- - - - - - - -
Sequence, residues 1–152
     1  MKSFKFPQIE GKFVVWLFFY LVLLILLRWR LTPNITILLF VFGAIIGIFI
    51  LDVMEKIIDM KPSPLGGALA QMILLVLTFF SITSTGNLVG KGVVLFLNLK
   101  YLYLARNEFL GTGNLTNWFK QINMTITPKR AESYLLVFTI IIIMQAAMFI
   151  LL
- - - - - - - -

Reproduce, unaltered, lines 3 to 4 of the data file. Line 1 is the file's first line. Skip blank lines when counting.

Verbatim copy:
    51  LDVMEKIIDM KPSPLGGALA QMILLVLTFF SITSTGNLVG KGVVLFLNLK
   101  YLYLARNEFL GTGNLTNWFK QINMTITPKR AESYLLVFTI IIIMQAAMFI